The second common denominator in many of these stories is a set of food rules or a type of food restriction. Despite the fact that lots of people find rules and restrictions immediately threatening and unsustainable, there are plenty of other people who find them comforting, because they set helpful limits on a world of seemingly endless food choices.
If you just know that you are never going to eat bread (or sugar, or wheat, or meat, or whatever) again, because that’s the universal food rule you’ve decided on, it can making choosing your food much simpler than having to go through the internal mental struggle of asking yourself what you want from the entire universe of foods available, and then filtering your desire through a lifetime of internalized, half-remembered nutrition theories picked up from friends, magazines, family members, Dr. Oz, and diet books.
Similarly, portion-measuring and calorie-counting, while still technically allowing a person to eat any type of food they want, can be comforting because they eliminate the need to decide internally how much you are hungry for, and what level of fullness you want to reach, and then filter that decision through a lifetime of internalized, half-remembered rules about how many calories is too much, what people will think if you eat two sandwiches in one sitting, and whether or not you are a bad person for wanting dessert on top of a really big meal.
Most diets, in fact, attempt to combine a sense of permission within comforting limits, just like eating competence does – low-carb diets pull you in with promises of endless steak while prohibiting mashed potatoes, Weight Watchers says you can technically eat anything you want as long as it stays within your Points allowance, and food combining plans claim you can eat any food as long as it is combined properly with other foods (the upshot being you can never again eat a tuna sandwich or other common food items) – but in my opinion, they fail miserably.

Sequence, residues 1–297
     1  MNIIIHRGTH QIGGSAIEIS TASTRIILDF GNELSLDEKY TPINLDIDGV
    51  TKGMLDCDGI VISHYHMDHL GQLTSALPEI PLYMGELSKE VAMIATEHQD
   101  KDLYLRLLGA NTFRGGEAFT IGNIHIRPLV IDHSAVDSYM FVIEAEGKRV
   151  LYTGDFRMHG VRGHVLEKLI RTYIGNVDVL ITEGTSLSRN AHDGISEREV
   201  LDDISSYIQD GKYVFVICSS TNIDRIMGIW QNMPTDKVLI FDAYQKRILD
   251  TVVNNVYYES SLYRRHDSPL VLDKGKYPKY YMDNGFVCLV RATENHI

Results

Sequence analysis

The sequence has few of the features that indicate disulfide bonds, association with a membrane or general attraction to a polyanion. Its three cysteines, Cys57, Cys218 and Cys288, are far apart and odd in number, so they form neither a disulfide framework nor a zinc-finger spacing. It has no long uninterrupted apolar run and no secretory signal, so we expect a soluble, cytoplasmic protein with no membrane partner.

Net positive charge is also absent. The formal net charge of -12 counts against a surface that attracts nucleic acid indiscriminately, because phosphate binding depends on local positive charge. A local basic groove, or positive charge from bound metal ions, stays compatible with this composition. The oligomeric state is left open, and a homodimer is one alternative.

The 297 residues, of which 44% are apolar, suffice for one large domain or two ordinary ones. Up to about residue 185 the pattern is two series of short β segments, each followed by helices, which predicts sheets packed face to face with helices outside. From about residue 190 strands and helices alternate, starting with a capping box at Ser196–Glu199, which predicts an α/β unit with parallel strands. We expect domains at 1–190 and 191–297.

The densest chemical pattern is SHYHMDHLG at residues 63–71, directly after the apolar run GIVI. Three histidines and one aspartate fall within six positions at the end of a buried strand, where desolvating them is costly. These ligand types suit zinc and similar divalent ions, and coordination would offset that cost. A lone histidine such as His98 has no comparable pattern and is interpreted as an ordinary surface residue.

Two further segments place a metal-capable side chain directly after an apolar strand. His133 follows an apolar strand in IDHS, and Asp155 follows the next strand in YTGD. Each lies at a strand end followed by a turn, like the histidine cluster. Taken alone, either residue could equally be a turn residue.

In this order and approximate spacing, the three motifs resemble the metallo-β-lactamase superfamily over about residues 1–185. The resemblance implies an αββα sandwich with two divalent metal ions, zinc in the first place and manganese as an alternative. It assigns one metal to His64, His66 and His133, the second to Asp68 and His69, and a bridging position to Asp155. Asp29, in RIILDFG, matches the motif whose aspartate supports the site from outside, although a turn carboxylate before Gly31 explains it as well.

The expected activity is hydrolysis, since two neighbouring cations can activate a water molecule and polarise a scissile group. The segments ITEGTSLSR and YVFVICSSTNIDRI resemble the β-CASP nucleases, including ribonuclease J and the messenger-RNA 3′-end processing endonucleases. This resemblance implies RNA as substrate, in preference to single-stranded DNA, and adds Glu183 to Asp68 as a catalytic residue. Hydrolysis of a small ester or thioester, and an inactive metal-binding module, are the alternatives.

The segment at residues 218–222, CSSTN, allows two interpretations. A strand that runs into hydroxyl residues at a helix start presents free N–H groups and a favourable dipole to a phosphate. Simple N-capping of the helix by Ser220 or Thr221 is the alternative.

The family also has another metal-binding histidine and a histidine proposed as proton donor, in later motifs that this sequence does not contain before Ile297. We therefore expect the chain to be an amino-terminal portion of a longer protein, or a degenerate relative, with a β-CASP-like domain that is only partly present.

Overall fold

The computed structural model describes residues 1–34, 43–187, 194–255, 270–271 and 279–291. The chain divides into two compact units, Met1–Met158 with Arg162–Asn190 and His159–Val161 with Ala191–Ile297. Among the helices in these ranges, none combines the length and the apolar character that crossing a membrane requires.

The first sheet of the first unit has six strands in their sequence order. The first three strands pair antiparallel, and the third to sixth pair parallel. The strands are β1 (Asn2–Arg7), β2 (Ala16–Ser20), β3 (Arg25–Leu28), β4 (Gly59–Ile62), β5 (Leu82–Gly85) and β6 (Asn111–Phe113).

The permission they offer is conditional and incomplete, and the limits they offer are arbitrary, artificial, and sometimes downright cruel, because they disrupt people’s foodways and traditions, and encourage them to override the internal appetite signals that actually are trying to steer them in the right direction.
Unconditional permission to eat food that you truly want, that is meaningful to you (and it might sound silly to say that tuna sandwiches or mashed potatoes have meaning, but they do), in amounts and combinations that feel right in your body, is true permission. Anything less is counterfeit permission.
The helpful structure of predictable, routine eating times interspersed with non-eating times where you are not left hungry or unsatisfied and longing for more, and can actually devote your attention fully to other matters – which requires you to devote enough time and thought to food that you get fed and nourished, but also gives you a break from needing to think about food – is real structure. Other forms of structure are often restriction in disguise.
So why do people find these forms of restriction appealing and helpful? Well, aside from helping people to negotiate a varied, complex, and ambivalent food world, I also believe these things feel comforting because we have been trained to distrust our own appetites.
This is often expressed through the idea of food addiction, which I will talk about in the next post.
Also – apologies in advance if I get a bit overbearing in comments. With the increased traffic and new readers, I’m being extra vigilant, so I may get over-explainy at times.